In fact, the Bt Reassessment record has several documents where the registrants agree that Certifications are a useful compliance tool. In their Management Stewardship Plan, the registrants of Bt corn products specifically state that “certification requirements” is a tool that they would use to bring noncompliant growers into compliance. In addition, Monsanto already uses certifications for a subset of growers of Bt cotton. For growers who choose to comply with IRM requirements using a Community Refugia, those members must send in compliance certifications with similar information. Also, when Monsanto implemented a 1999 refuge incentive program in several counties in Alabama and Tennessee with high percentages of Bt cotton growers, they required certifications to ensure compliance. Thus, these example show that the registrants clearly understand the value of this type of information for compliance monitoring and demonstrate that growers will provide it when required.(10)

     C. Field Inspections.

     To ensure that all growers comply with IRM requirements, EPA should require that each registrant hire a third-party to inspect a statistically-sound random sample of farmers growing its seeds on an annual basis. Under current practices, growers understand that field inspections are rarely, if ever, conducted and that the likelihood that anyone will detect non-compliance is extremely small. As pointed out by the EPA SAP, “The smaller the likelihood of detection, the lower compliance rates will be.” Therefore, until growers understand that their non-compliance actually may be detected, some growers will continue not to plant appropriate refugia.

     Conducting field inspections would not be too burdensome or expensive to the registrants. From 1996 to 1999, Monsanto conducted field inspections of between 1,000 and 2,300 growers per season, well more than a statistically-sound random sample. In addition, Monsanto conducted field inspections of over 90% of the growers in its sales incentive program in North Alabama and Giles County, Tennessee. Thus, it is clear that inspections can be conducted to determine compliance with IRM requirements in a cost-effective manner.

     Each Bt registration should state that the registrant hire an independent party to conduct annual inspections of growers for IRM compliance. The inspection targets should be selected based on results from the grower surveys, tips received by the registrant or seed providers about noncompliance, review of certifications and field maps provided with the Grower’s Agreement, and past history of noncompliance (i.e. any grower found in noncompliance should be inspected for at least the next two years afterwards). Summary results of these inspections should be included in the registrant’s annual report to EPA.

V. There Must Be Consequences to Individual Registrants for Noncompliance with IRM Requirements.

     It is imperative that each registration identify specific consequences to the registrant that will occur if the registrant does not achieve the necessary IRM compliance among growers of its seeds. The current registrations are inadequate because they do not identify any penalties or restrictions on the individual registrants if IRM is not carried out. Currently, the registrant is only required to get signed Grower Agreements from growers which mention IRM obligations, provide growers with Technology User Guides that discuss IRM requirements, conduct educational activities with growers, and survey growers for compliance. The registrants are currently in compliance with these requirements and yet for Bt corn, compliance with IRM obligations may be no higher than 71%. They would also be in compliance if compliance rates were 50% or even only 25%. This is unsatisfactory, especially since any level of noncompliance may lead to resistance.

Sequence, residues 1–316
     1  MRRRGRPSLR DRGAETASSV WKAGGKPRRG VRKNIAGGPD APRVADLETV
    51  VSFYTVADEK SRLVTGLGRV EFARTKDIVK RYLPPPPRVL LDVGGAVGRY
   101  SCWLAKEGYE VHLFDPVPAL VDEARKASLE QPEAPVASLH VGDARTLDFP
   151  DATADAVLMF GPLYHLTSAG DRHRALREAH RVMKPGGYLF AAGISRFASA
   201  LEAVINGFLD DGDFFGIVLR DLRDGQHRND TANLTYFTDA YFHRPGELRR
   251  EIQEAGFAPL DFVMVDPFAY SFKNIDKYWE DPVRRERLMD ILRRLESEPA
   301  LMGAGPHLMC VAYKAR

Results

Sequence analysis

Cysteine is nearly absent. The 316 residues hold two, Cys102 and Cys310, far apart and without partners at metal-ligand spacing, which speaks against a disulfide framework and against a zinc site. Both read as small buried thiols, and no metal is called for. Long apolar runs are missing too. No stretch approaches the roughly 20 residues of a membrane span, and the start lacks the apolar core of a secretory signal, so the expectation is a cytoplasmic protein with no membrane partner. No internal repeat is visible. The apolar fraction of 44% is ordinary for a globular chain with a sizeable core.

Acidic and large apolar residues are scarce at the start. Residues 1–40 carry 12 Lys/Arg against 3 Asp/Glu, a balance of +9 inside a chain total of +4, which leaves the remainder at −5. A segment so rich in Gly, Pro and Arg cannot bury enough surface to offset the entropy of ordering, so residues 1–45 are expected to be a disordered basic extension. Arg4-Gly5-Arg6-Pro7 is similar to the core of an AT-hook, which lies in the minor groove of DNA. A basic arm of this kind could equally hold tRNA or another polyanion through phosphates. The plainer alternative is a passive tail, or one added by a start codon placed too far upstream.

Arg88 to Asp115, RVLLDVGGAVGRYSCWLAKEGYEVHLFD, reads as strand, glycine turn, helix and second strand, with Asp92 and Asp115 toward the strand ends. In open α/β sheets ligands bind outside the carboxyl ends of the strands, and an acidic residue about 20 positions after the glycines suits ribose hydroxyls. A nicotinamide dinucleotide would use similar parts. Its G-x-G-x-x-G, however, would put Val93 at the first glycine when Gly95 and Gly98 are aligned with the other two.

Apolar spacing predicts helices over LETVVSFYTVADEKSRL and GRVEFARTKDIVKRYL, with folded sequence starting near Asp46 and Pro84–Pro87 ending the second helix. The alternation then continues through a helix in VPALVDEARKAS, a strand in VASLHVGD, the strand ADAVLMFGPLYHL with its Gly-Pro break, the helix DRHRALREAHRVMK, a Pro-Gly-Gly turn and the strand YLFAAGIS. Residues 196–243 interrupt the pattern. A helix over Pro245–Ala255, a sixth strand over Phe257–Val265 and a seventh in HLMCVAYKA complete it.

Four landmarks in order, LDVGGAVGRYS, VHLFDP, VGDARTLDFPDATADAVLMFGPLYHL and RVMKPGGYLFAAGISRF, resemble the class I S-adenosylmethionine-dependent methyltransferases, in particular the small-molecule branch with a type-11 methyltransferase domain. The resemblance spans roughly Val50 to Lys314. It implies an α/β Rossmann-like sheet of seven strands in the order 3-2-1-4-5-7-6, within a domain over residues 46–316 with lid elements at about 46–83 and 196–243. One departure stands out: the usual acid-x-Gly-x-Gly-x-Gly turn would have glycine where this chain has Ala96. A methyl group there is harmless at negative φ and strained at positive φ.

The individual registrants need to be held accountable for the IRM compliance of the growers of their seeds. The registration must ensure that each registrant, using the compliance monitoring tools suggested above, provide EPA with IRM compliance rate for growers using their particular Bt product.(11) If the compliance rate for a particular registrant goes below 80%(12) in a particular region of the country (for example in a state) for two years in a row, then the registrant should have a restriction imposed on the selling of Bt seeds in that region (such as allowing the sale of only 50% as many seeds as in the previous year) until compliance rates improve.(13) In addition, if compliance rates in a particular region continued to remain below 80% for two more years (four years total), then the registrant would be permanently prevented from selling any Bt seeds in that region.

VI. Specific Comments on Compliance Monitoring and Enforcement Issues Presented in EPA Discussion Paper.

     A. Grower Agreements.

     On page 9 of the Discussion Paper, EPA discusses several items that might be included in the registrations regarding Grower Agreements. CSPI agrees that all of these items should be made conditions of registration. First, the Grower Agreements should be submitted to EPA for approval before use. As stated earlier in this letter, EPA should ensure consistency among different registrant’s Grower Agreements and also ensure that the IRM obligations are prominently discussed in the document. Second, if the Certification process proposed in this letter is not adopted, then Grower Agreements should be signed annually to remind growers of their obligations and help ensure compliance. Third, the registrant should make available to EPA or its agents the Grower Agreements and other documents identifying growers and IRM obligations.

     B. A Tiered Approach to IRM Compliance.

     CSPI has several comments on the potential tiered approach to IRM compliance set forth in pages 11-12 of the Discussion Paper. On the proposed First Tier, CSPI believes that each individual registrant should be responsible for compliance monitoring of its own growers instead of industry-wide compliance monitoring. It would be preferable for this monitoring to be paid for by the registrant but conducted by a third party. In addition, the compliance surveys referred to in this tier would be useful to require if they are not anonymous and can be used by the registrants to identify specific growers who are in noncompliance. Finally, as discussed above, CSPI believes the First Tier should include field inspections and grower certifications.